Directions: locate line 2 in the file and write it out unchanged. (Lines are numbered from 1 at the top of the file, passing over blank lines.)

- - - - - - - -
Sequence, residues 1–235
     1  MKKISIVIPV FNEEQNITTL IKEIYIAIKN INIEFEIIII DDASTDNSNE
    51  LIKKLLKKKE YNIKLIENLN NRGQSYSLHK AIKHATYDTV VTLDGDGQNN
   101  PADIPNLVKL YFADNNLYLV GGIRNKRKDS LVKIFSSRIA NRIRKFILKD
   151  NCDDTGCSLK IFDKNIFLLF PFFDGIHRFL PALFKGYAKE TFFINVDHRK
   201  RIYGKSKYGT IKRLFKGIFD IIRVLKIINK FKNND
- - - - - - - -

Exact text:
     1  MKKISIVIPV FNEEQNITTL IKEIYIAIKN INIEFEIIII DDASTDNSNE